Duane Law, L.Ac., a veteran naturopath and acupuncturist, is presenting “The Sugar Cure,” a free lecture on the addictive nature of sugar and what you can do about it. The event will take place on Thursday, July 25 from 7:30 p.m. to 8:30 p.m. at Westwood Wellness Center, located at 1001 Gayley Ave., Suite 104, Los Angeles.
by Melinda Hemmelgarn
Hot fun in the summertime begins with fresh, sweet and savory seasonal flavors brought to life in al fresco gatherings with family and friends. As the popularity of farmers’ markets and home gardening surges onward, it’s time to feast on the tastiest produce, picked ripe from America’s farms and gardens for peak flavor and nutrition.
Similar to raising a sun umbrella, learning where food comes from and how it’s produced provides the best protection against getting burned. Here’s the latest on some of the season’s hottest food issues to help families stay safe and well nourished.
by Beth Bader
Supermodel Carol Alt on How Eating Raw Keeps Her Vibrant
Carol Alt characterizes the latest stage of her 30-plus-year career as a “perfect storm of busy,” including the launch of her latest book, Easy Sexy Raw, her roles in the premiere of Woody Allen’s film, To Rome with Love and the HBO documentary, About Face, exploring the relationship between physical appearance and the business of beauty. For the past year, she’s been overseeing the U.S. launch of her skin care line, Raw Essentials.
Now that the summer solstice has transpired and summer is once again upon us, my thoughts turn to the carefree July days of my youth growing up in the Wyoming Valley, nestled among the Poconos. Since the Susquehanna winds through “the valley,” this poem naturally caught my eye.
Ironically, as you learn from the poem, the author had never actually fished the river, nor had he ever desired to, for that matter. Coincidentally, I cannot lay claim to the venture either. The Susquehanna River, at least at it winds through our valley was—and I believe still is—quite polluted due to anthracite mine subsidence and raw sewage disposal from decades long ago. Only those with a particular penchant for the delicacy that is carp would bother fishing this particular body of water; however, I do have fond memories of fishing Harvey’s Lake and many bobbling brooks of the Poconos for trout, bass and perch.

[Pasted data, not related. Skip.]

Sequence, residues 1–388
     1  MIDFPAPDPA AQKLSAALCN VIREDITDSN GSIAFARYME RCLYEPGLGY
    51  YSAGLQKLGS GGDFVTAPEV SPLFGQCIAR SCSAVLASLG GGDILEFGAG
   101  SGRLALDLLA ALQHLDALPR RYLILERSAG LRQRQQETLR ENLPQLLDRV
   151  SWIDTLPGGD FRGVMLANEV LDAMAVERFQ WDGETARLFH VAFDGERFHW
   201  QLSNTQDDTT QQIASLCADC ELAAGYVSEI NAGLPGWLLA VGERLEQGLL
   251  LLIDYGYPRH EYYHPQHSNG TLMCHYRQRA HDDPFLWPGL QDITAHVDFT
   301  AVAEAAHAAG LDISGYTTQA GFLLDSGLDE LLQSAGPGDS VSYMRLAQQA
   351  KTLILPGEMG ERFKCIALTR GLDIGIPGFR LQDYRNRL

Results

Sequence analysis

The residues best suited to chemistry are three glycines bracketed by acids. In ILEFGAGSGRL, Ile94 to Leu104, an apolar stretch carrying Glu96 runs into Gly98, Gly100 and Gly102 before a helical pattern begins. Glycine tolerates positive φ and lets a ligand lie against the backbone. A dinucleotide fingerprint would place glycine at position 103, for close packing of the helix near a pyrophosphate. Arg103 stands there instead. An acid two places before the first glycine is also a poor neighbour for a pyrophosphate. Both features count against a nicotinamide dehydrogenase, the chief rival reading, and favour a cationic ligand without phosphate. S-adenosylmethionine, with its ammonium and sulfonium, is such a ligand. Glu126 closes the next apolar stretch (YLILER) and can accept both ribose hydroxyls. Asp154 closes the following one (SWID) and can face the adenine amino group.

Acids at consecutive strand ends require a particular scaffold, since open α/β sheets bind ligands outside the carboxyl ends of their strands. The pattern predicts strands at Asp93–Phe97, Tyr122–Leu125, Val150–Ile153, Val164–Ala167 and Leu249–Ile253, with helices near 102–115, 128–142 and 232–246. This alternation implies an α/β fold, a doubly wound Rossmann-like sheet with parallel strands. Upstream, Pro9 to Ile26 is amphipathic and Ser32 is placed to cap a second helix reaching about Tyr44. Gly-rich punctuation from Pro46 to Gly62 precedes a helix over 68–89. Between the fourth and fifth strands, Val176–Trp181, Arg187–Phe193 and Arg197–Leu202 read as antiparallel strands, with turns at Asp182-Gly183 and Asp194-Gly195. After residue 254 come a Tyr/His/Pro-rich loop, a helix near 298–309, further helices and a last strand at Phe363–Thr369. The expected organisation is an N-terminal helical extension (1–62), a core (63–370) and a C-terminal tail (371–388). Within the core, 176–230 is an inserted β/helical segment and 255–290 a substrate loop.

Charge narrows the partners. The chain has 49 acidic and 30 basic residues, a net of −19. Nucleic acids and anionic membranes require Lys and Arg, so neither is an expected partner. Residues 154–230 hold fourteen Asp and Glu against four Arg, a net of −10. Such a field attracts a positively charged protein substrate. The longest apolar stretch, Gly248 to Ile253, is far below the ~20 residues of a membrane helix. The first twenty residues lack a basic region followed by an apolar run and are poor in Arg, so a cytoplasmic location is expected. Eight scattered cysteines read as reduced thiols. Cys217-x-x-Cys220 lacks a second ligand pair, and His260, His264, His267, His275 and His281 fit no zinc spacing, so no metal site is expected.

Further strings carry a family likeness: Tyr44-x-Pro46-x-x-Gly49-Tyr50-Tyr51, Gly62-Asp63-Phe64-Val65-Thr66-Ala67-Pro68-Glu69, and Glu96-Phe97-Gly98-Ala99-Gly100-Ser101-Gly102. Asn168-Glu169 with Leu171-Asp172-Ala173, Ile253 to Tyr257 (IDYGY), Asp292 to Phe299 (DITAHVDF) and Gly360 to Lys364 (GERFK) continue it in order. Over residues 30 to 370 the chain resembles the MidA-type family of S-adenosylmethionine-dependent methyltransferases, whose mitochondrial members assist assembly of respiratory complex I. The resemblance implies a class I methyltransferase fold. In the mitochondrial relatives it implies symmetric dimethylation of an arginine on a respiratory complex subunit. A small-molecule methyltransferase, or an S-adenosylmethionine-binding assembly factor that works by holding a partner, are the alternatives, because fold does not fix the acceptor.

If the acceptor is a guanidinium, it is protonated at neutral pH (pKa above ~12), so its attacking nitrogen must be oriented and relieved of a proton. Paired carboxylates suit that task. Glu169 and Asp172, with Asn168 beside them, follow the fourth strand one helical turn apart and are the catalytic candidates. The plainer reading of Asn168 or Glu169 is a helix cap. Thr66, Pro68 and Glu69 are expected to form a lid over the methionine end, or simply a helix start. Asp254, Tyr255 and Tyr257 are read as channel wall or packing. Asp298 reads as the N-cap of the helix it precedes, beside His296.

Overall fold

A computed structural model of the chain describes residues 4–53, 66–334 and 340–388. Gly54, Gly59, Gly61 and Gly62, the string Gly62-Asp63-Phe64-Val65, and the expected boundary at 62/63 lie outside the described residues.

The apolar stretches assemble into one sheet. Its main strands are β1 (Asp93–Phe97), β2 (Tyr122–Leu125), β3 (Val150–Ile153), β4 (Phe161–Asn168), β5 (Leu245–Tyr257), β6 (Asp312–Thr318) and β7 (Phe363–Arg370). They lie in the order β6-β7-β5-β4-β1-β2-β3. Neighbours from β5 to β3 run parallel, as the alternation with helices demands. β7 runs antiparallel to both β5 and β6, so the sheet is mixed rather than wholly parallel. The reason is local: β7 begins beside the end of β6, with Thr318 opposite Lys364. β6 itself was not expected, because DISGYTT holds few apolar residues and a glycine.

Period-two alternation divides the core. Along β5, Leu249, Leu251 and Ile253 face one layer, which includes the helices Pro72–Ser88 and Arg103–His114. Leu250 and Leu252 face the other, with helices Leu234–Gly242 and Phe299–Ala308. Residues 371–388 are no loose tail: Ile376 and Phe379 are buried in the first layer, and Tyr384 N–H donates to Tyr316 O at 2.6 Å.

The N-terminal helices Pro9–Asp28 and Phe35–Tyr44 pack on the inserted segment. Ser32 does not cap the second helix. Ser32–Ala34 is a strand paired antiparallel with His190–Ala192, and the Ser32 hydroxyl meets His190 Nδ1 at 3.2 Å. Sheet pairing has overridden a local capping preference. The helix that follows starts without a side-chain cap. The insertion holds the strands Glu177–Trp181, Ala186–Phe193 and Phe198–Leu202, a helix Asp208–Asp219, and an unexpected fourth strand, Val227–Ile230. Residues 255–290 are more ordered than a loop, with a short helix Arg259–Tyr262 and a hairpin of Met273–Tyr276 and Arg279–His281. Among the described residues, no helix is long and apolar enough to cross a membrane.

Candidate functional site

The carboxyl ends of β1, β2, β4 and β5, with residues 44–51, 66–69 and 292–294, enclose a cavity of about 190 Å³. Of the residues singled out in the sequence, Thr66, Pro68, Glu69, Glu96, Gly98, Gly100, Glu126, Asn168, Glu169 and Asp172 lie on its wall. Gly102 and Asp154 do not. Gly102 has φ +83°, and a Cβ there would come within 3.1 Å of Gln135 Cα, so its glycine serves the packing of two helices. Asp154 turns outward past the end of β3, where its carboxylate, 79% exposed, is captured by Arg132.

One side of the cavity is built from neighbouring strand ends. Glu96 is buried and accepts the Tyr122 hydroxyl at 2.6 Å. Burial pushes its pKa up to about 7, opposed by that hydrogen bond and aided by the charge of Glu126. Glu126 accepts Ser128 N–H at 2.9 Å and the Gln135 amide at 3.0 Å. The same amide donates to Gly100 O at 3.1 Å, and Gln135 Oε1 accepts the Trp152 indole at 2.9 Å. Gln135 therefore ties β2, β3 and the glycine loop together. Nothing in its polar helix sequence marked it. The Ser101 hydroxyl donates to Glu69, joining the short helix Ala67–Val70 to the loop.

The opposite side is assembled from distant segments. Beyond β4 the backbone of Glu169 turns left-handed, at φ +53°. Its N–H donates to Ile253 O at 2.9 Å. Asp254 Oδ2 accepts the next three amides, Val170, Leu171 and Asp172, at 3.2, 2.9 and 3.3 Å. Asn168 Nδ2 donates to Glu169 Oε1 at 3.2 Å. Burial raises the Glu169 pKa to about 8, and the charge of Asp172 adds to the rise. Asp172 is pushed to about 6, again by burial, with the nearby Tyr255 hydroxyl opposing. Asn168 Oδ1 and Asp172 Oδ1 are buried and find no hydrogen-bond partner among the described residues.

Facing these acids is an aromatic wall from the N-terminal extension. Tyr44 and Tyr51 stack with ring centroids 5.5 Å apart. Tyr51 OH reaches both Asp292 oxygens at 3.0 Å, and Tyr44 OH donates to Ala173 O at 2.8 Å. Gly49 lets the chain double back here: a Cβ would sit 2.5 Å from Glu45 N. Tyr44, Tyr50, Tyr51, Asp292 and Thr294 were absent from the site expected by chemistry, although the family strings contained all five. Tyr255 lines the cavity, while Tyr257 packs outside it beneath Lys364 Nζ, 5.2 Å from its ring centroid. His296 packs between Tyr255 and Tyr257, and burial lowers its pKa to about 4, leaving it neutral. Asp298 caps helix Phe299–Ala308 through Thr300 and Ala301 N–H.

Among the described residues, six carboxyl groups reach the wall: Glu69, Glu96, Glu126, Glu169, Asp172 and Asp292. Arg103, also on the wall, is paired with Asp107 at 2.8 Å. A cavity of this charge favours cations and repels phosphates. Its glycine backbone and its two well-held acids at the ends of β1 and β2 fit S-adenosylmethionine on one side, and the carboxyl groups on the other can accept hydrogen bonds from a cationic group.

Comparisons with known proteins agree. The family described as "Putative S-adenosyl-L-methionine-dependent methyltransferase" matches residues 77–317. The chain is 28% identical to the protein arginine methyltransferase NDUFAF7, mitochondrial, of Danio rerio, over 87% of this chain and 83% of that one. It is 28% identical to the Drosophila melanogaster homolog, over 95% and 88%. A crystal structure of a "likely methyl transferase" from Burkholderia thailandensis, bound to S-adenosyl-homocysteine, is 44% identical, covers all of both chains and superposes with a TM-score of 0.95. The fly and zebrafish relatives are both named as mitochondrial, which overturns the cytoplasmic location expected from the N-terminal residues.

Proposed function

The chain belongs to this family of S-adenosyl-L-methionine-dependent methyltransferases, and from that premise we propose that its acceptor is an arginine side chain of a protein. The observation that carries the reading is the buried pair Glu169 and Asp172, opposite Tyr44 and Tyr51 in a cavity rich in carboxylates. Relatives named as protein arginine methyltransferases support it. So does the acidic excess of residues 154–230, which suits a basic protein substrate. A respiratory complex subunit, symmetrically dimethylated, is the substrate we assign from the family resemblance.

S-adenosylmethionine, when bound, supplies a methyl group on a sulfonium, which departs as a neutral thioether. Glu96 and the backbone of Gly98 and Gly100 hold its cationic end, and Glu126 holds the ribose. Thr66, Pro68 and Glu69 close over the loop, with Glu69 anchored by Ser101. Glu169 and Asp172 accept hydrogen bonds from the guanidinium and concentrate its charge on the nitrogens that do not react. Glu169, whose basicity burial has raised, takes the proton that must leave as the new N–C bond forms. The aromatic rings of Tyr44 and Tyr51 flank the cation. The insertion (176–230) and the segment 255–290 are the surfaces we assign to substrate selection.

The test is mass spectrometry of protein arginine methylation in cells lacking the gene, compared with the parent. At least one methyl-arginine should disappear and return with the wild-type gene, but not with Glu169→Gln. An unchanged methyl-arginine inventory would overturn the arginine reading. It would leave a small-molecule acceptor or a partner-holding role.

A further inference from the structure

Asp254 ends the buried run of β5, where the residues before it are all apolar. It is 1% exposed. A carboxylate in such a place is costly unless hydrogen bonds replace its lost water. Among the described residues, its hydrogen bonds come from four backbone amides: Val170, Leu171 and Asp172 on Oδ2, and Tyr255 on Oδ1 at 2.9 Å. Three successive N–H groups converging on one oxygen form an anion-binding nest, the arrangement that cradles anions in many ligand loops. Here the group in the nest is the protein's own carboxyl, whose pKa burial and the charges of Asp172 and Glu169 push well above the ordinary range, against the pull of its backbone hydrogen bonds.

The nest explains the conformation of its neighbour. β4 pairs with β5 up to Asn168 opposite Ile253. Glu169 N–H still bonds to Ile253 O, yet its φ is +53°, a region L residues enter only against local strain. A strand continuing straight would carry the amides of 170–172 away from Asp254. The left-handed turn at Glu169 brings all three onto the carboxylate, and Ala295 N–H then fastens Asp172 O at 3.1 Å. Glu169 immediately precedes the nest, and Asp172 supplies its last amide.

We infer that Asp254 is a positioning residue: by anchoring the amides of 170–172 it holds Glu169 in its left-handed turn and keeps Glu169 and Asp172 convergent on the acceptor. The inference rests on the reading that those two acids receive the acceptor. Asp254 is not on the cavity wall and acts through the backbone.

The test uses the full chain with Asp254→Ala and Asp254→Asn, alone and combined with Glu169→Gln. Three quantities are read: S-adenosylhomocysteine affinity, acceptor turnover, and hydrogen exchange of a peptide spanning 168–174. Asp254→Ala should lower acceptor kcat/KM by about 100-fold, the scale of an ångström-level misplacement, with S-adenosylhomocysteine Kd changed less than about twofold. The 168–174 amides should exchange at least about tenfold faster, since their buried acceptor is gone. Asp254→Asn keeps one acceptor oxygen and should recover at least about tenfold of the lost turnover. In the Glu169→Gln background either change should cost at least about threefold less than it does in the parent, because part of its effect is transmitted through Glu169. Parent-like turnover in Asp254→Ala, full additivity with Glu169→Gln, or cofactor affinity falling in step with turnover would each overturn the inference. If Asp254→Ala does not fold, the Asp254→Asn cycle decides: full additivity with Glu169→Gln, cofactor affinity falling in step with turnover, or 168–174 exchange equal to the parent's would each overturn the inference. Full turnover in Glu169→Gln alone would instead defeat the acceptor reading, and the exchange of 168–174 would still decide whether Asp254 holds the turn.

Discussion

Naturally LA Marketing Solutions announces its July Lunch ‘n Learn is slated for Thursday, July 25. The monthly events offer business people and practitioners the opportunity to learn how to better promote their businesses. According to Todd Davis, publisher of Natural Awakenings Los Angeles, “You buy your own lunch and we’ll deliver actionable marketing and promotional tools you can leverage to drive new traffic to your business.”
Julia Flint, principal of Social Media Marketing Insider and July’s presenter will cover Facebook, the world’s largest social media website.
Event details are listed below:
When: Thursday, July 25 from 11:45 a.m. to 1:15 p.m.
Where: Coffee Co., 8751 La Tijera (@ Sepulveda), Westchester
Topic: Facebook Fascination
Presented by: Julia Flint
If you’d like to attend the Lunch ‘n Learn, RSVP to Todd@NaturallyLA.com or call 310-562-6526. For more information on Natural Awakenings Los Angeles, visit NaturallyLA.com, and to learn more about Julia Flint, visit SocialMediaMarketingInsider.net.